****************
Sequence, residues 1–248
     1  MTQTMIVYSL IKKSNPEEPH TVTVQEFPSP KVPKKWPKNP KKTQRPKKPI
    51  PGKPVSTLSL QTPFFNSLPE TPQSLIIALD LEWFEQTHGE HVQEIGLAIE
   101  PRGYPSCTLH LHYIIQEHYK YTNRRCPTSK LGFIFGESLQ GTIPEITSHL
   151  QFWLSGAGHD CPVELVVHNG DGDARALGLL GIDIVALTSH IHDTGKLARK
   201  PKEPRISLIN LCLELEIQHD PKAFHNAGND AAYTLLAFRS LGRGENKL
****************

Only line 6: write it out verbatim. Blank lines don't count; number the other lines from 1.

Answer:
   201  PKEPRISLIN LCLELEIQHD PKAFHNAGND AAYTLLAFRS LGRGENKL